Canon says: more EF-S lenses

Started Oct 6, 2004 | Discussions thread
bds231 Regular Member • Posts: 404
Re: How much can FF sensor cost?

I don't think it always will. Peter is very correct that miniaturization plays a major role, but transistors also simply tend to get cheaper over time. And as plants become better at manufacturing sensors, the price can plummet. Remember, that's one of the main resons the 300D came out at half the price of the 10D -- same sensor, but Canon made "manufacturing refinements" or whatever they called them. Whatever they did, it clearly resulted in a higher yield, presumably for a lower production cost.

To go back to what Peter said:

The megapixel war will cease for two reasons. One, the physics of
optics puts a limit on lens resolution. Two, consumers will see
megapixel as another marketing ploy.

Yes, people like us will figure it out. But consumers will not. I'm not about to sit here and do the math, but I would bet that some of the 7MP ultracompacts that just came out are already hitting that lens resolution limit, and I can guarantee they'll still sell better than their 6MP cousins. Consumers want one easy statistic: Horsepower for cars, megahertz for computers, and megapixels for cameras. I just saw a Circuit City TV commercial where this supposedly clueless mother-type figure laments her lack of knowledge of the term "megapixel," and her 10-year-old daughter walks in and explains it.... That's what it's all about for the consumer.

They don’t need more pixels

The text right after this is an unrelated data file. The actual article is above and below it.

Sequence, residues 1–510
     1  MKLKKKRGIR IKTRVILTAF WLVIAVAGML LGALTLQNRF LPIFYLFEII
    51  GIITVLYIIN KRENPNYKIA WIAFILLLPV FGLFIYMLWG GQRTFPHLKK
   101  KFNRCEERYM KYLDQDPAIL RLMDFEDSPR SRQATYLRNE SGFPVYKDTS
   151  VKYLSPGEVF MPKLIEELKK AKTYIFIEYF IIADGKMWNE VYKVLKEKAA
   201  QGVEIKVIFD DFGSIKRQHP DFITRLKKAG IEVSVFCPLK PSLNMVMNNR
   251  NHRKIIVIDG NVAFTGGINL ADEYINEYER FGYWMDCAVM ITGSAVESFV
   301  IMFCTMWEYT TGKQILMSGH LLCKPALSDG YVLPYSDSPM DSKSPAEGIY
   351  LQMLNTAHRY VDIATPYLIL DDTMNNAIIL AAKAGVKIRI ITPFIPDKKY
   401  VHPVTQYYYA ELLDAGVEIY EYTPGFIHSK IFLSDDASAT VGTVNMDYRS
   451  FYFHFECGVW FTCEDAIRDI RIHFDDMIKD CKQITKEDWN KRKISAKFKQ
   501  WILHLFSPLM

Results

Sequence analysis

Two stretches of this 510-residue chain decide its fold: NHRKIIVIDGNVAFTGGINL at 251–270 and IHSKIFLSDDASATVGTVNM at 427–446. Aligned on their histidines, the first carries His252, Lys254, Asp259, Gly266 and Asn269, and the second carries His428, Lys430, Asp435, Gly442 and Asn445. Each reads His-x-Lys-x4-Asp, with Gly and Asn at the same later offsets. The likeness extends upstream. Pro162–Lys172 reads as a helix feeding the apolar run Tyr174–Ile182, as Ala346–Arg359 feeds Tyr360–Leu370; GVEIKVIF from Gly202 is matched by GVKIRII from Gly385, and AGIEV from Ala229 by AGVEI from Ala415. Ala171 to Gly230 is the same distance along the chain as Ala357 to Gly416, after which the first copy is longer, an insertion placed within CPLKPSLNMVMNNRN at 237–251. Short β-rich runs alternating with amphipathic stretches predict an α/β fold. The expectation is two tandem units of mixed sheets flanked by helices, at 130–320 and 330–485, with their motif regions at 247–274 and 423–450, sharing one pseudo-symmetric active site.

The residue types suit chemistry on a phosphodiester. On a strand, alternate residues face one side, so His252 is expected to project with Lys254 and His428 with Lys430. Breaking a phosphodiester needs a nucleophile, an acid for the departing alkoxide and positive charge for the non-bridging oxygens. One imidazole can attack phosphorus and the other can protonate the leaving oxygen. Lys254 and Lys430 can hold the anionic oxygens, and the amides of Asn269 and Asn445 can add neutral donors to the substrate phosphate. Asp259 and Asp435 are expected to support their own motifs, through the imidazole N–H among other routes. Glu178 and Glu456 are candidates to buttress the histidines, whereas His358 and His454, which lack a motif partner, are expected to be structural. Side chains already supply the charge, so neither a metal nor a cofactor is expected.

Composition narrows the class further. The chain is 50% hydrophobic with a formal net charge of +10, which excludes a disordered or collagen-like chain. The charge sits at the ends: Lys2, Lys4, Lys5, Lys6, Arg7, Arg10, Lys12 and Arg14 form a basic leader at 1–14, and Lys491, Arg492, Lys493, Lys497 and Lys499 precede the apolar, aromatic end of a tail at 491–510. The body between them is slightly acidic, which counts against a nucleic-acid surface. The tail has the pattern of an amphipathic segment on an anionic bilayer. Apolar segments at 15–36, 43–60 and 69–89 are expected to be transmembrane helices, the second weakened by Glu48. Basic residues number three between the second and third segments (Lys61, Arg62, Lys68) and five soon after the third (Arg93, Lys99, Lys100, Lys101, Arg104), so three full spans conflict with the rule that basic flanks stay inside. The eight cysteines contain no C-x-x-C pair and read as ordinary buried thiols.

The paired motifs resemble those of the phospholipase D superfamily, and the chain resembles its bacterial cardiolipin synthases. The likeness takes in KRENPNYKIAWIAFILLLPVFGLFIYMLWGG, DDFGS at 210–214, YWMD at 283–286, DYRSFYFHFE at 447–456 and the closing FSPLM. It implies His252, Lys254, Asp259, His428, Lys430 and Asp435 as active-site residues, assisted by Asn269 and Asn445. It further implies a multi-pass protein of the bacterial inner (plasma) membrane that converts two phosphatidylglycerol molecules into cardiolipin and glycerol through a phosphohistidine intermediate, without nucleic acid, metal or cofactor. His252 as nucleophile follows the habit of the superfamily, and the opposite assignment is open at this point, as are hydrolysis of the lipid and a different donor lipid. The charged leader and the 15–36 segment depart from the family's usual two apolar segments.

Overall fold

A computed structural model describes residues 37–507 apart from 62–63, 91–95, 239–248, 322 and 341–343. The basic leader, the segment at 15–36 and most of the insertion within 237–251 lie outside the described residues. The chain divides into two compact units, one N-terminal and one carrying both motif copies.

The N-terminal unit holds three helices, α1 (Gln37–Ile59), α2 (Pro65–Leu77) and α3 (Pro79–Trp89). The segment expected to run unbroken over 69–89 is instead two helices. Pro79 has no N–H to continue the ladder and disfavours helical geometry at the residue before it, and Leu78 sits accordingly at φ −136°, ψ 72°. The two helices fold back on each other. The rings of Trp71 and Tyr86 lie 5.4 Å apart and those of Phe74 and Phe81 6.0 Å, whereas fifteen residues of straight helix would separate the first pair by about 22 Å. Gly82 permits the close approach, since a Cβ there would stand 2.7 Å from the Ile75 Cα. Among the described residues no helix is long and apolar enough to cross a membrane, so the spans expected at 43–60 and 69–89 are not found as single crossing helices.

for 4x6s.

You, I, and the fencepost know that. Most people only know what the Best Buy salesperson tells them. And the $1,000 camera is clearly the only camera that will give acceptable 4x6s

New cameras are sold not as upgrades, but as 2nd or 3rd units.

Are you serious? You think the average consumer has 2 or 3 digicams lying about? I'm sure that's true of most people on these forums, but I can't think of one person I know who is not heavily interested in photography who has more than one camera (and in fact, the majority has zero). With eBay, it's easier than ever for people to dump their last-generation electronics (though I'm sure many still just throw old stuff away or give it to a friend).

Step back, think of how much you're invested in photography, think of how much you use your camera(s), think about the general aversion to things with buttons most laypeople possess, and then, if you can in good conscience say you still believe this statement to be correct, tell me off.


mfurman wrote:

I think that I understand electronics but I cannot accept that the
sensor itself would cost $5000 regardless of the yield ratio.


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